His contributions to the local sporting fabric included being the President of the Port Melbourne Baseball Club for many years and an office holder in the Port Melbourne Cricket Club.

While Mel Fennell deserves recognition in the form of a street and a reserve, a strong case can be made for his wife, Violet, also being remembered in perpetuity. Born Violet Annie Isabell Hobson, in Footscray, her father was a labourer and the family moved frequently, from suburb to suburb.

In her forties, Violet was appointed by the Government as a Special Magistrate for the Children’s Court in 1938.11 She carried out her duties “with enviable discretion, tact and sympathy”.12 With support from Mel, she led efforts to provide support for victims of the Black Friday bushfires in January 1939. This included raising funds, helping find accommodation with Port Melbourne families for those impacted and seeking out local employment to support displaced families.13 She founded the auxiliary of the Lady Foster Kindergarten, and was a staunch supporter of the organisation.

While she had been in ill-health, her sudden death in 1949 came as a shock to her family, her friends and the community. The esteem in which she was held and the loss felt is evidenced by the number and variety of notes in the local papers and her substantial obituary. The Lady Foster Kindergarten honoured her memory by creating the Violet Fennell Memorial Library at the kindergarten in 1950.14

In 1952, Mel Fennell married Olive Fry, a women who had her share of struggles over the years. Like Mel she was originally from Launceston. Sadly Olive passed away four years later, so while Fennell went on to be mayor five more times, she did not get to be the Lady Mayoress. Melville passed away in 1975, aged 81.

In coming years, Fennell Reserve will afford a welcome ‘green space’ for those who reside in the high rise towers of the phoenix-like Montague. And if the vision for the Sandridge Precinct is fully realised, Fennell Street will become a fashionable boulevard with trams and bikeways linking it to the CBD. As these two distinct neighbourhood gathering places find new purpose through urban renewal, they will remind us of the contributions to our community by both Melville and Violet Fennell.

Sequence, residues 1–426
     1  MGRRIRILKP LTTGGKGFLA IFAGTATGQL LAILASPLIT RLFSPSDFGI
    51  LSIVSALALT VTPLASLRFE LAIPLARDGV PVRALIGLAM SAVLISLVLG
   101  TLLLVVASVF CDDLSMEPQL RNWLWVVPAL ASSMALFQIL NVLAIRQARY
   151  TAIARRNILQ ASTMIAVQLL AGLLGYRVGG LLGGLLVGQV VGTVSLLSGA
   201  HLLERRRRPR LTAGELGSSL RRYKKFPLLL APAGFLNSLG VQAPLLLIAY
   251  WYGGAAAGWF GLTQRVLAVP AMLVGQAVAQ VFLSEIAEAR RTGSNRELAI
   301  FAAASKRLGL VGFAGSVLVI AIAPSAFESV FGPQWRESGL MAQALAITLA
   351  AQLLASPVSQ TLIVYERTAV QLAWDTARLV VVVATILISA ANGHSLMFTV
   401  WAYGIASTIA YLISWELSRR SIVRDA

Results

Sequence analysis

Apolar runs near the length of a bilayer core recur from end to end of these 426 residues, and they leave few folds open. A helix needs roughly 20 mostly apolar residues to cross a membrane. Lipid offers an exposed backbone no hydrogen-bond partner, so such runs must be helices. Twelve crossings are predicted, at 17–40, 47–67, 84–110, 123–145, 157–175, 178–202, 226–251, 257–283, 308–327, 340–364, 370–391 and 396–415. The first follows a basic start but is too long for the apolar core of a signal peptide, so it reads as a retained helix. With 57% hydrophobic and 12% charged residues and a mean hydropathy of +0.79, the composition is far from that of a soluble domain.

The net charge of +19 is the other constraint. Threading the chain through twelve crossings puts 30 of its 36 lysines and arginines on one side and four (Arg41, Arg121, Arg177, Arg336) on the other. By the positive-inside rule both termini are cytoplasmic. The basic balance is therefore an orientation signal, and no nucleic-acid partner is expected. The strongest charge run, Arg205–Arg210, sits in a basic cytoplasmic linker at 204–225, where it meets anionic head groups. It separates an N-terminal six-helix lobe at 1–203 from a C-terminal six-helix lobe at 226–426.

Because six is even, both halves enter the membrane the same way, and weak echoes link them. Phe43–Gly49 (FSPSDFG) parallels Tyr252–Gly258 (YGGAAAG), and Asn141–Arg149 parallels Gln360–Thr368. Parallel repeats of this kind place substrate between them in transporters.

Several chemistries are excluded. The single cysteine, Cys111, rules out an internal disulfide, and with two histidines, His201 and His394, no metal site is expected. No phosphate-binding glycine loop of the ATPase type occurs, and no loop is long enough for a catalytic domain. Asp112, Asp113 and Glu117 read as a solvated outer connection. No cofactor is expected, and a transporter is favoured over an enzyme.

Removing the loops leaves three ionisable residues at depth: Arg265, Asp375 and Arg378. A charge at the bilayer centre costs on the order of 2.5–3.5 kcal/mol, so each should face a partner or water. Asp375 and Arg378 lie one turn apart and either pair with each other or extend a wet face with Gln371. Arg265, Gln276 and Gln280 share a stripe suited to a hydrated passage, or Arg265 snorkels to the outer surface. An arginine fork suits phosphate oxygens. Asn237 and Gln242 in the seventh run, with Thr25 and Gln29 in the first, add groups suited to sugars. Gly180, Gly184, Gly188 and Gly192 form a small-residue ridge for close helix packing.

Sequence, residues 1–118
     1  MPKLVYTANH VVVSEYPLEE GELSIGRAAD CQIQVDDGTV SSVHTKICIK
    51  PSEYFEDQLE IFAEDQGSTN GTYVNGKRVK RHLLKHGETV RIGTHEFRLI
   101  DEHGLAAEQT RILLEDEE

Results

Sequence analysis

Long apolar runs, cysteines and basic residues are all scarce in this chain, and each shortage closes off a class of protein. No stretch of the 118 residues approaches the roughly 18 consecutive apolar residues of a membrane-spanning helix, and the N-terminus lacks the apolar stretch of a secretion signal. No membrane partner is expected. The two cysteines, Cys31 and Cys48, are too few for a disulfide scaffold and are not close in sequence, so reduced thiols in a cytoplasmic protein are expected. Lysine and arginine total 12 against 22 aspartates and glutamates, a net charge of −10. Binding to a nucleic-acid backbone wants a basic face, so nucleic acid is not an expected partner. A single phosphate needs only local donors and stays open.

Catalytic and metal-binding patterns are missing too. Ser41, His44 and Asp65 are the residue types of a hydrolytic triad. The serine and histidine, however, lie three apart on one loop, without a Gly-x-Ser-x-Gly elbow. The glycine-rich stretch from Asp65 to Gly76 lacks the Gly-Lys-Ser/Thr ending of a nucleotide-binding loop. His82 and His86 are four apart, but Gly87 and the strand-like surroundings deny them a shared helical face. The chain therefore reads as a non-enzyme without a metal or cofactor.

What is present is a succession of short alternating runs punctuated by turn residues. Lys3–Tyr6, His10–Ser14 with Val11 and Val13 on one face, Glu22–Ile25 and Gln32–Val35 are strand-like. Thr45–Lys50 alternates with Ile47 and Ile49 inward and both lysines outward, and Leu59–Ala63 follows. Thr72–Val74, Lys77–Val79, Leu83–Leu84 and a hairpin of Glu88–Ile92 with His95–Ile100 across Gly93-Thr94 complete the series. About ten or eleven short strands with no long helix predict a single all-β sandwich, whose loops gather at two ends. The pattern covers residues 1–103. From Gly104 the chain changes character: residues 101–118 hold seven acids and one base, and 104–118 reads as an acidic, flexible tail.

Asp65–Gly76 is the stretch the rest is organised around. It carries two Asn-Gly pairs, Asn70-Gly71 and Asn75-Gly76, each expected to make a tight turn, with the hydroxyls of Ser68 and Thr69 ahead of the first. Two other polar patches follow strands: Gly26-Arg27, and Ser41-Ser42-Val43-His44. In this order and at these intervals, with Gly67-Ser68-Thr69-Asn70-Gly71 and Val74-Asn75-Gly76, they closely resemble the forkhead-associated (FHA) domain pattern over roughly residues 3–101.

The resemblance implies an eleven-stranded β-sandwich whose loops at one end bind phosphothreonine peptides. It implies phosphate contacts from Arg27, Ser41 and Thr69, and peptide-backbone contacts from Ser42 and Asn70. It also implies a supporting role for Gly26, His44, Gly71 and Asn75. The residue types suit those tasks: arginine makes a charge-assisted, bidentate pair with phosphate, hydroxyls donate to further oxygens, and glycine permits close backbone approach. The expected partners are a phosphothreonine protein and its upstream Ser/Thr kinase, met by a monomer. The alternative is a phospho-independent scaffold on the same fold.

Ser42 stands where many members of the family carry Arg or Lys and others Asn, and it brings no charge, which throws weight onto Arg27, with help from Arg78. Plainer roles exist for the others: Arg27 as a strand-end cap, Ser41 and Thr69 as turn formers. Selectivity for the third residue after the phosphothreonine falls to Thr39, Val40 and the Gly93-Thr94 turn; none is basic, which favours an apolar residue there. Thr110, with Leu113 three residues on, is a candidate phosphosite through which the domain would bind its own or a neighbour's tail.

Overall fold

1 Nancy U’Ren and Noel Turnbull, A History of Port Melbourne, Oxford University Press, Melbourne, 1983, p. 268.

2 1937 ‘Cr MH Fennell Welcomed’, Record (Emerald Hill), 25 September, p 5

3 1952 ‘A Melbourne News Diary What Goes On?’, The Argus (Melbourne), 9 February, p. 4.

4 1935 ‘Wages Board Appointments’, The Age (Melbourne), 12 March, p. 15.

5 1937 ‘Cr MH Fennell Welcomed’, Record (Emerald Hill), 25 September, p. 5.

6 G Cosham (Personal Correspondence, 17 February 2021).

7 1942 Victorian Government Gazette No. 286, September 9, p. 3261

8 1944 Victorian Government Gazette No. 35, March 8, p. 806. 

9 1952 ‘A Melbourne News Diary What Goes On?’, The Argus (Melbourne), 9 February, p. 4.

10 1952 ‘Son Wins Ballot For Father’s Seat’, The Argus (Melbourne), 18 February, p. 3.

11 1938 Victorian Government Gazette No 165, August 3, p. 2249.

12 1949 ‘Tragic Death of Former Port Melb Mayoress’, Record (Emerald Hill), 26 February, p. 1.

13 1939 ‘Sufferers in Bush Fire Areas’, Record (Emerald Hill), 11 March, p. 6.

14 1950 ‘Among the Auxiliaries’, Record (Emerald Hill), 29 July, p. 6.

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Acknowledgement of Traditional Custodians

We respectfully acknowledge the Traditional Custodians of the land on which we meet and work, the Bunurong Boon Wurrung and Wurundjeri Woi Wurrung peoples of the Eastern Kulin Nation and pay respect to their Elders past, present and emerging.